The Admin VP and I formed an alliance and became great collaborators; he had the needed local experience and I the international exposure which was to be exploited. First order of things: a personal assistant for me. Maddy (Magdalena) came into my business life via the Admin VP, who knew her and had worked with her in another company. She turned out to be a gem… did take a little getting used to, but a true and loyal assistant.  With her help and knowledge of the then existing local market, we began to recruit the basic personnel needed, buy the furniture on which to sit them and the equipment to have them do something while sitting there. Getting phone lines was a story unto itself. At that time the BsAs phone company was a mix-match of long existing and competing outfits, whose different brand equipments (German, Italian and some English) had to be patched and adapted in order for them to work and coexist with each other. Not to mention communicate.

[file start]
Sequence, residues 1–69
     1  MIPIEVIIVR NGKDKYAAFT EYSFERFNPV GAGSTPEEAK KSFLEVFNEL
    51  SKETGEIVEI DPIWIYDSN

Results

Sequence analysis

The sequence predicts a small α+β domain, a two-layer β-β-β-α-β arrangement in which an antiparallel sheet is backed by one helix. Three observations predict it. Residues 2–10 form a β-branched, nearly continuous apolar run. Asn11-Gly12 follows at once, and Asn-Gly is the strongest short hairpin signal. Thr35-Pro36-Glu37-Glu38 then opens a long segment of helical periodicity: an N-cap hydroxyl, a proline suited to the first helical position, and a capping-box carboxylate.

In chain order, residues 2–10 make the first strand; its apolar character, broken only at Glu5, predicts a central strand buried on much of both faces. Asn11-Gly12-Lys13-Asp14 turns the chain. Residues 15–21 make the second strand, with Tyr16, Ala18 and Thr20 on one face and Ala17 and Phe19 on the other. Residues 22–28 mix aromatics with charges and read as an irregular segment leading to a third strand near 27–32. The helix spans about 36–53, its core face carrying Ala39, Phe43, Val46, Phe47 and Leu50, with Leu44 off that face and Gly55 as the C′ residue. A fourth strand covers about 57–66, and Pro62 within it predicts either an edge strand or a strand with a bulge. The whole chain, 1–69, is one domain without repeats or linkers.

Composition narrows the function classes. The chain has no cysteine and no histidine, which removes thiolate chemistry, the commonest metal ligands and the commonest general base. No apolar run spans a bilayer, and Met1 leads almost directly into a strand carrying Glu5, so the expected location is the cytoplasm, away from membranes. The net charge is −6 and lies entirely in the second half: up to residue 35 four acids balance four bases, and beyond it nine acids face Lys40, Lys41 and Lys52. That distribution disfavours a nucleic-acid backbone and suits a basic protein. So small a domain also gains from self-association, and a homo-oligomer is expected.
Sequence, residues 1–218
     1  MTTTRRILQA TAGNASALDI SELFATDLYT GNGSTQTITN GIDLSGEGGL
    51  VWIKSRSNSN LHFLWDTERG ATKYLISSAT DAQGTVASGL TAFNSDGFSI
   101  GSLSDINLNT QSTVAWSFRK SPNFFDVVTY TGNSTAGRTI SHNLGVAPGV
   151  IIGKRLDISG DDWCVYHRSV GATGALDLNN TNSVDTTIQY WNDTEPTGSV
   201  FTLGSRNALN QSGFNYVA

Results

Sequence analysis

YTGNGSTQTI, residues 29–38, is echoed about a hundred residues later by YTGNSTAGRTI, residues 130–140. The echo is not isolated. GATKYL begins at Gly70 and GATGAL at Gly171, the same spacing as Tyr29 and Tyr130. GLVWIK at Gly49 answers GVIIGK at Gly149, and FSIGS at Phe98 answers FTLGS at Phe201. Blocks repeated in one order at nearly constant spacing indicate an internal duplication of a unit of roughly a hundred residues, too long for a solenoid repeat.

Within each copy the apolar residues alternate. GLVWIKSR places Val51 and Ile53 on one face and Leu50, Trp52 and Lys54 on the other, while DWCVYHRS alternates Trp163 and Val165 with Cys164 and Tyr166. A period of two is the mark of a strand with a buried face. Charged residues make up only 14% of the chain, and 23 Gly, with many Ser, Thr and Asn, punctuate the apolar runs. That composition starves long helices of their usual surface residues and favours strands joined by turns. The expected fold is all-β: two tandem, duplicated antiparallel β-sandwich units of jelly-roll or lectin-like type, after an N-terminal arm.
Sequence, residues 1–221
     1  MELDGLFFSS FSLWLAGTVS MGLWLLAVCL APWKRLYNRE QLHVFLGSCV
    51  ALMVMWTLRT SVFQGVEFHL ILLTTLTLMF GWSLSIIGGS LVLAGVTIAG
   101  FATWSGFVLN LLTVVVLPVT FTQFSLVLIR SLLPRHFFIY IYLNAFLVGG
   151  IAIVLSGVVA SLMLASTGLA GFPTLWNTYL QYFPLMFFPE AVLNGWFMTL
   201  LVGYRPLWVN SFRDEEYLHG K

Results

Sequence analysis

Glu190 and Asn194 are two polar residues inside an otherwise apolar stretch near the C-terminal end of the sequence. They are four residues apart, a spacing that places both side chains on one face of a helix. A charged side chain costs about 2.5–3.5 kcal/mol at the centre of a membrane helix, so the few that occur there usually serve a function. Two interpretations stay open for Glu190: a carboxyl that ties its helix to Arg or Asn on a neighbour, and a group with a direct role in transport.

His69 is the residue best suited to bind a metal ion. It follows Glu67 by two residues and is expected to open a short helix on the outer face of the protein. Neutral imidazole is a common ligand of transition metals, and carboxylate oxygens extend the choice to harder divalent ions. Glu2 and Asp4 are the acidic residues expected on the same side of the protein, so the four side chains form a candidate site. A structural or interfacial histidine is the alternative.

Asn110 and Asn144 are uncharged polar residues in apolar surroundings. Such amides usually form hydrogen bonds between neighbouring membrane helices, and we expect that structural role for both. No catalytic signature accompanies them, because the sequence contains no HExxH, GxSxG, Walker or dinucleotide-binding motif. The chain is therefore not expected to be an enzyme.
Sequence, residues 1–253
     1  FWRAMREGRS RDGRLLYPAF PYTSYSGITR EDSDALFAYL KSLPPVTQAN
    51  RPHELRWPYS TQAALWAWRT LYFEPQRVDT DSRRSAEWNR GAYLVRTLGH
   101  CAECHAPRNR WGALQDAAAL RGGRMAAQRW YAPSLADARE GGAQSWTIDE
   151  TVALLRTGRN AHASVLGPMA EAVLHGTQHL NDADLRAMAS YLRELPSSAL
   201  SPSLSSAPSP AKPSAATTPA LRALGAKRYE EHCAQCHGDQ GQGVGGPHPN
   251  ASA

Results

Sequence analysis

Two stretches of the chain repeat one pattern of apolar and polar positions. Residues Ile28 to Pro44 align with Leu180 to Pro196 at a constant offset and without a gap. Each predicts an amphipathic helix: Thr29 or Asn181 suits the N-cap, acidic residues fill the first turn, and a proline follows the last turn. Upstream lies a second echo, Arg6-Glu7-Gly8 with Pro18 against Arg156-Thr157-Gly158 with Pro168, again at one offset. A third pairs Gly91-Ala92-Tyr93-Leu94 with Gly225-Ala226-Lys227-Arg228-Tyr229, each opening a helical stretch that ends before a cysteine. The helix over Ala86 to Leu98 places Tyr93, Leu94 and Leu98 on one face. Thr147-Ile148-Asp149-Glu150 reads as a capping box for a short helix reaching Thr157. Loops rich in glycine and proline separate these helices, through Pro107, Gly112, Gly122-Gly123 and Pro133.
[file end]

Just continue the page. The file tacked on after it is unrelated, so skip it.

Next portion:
To complicate this(ese) issue(s), the communications syndicate was a tough labor outfit who took in new customers and their gratifications… directly and in person, with hair slicked back, black leather jackets and all. They were the ones who controlled those who received service; yes, you could buy the equipment but unless you were planning to use it as pretty paperweights, the service had to be contracted with these guys. Our Admin guy, well versed in these negotiations, took over and we received our service within 24 hours of the bonus being paid (matters have changed quite a bit since then, the telecomm business being now a modern, united company with regular business practices) and we were now able to make and receive calls. Now we just needed someone at the other end of the line…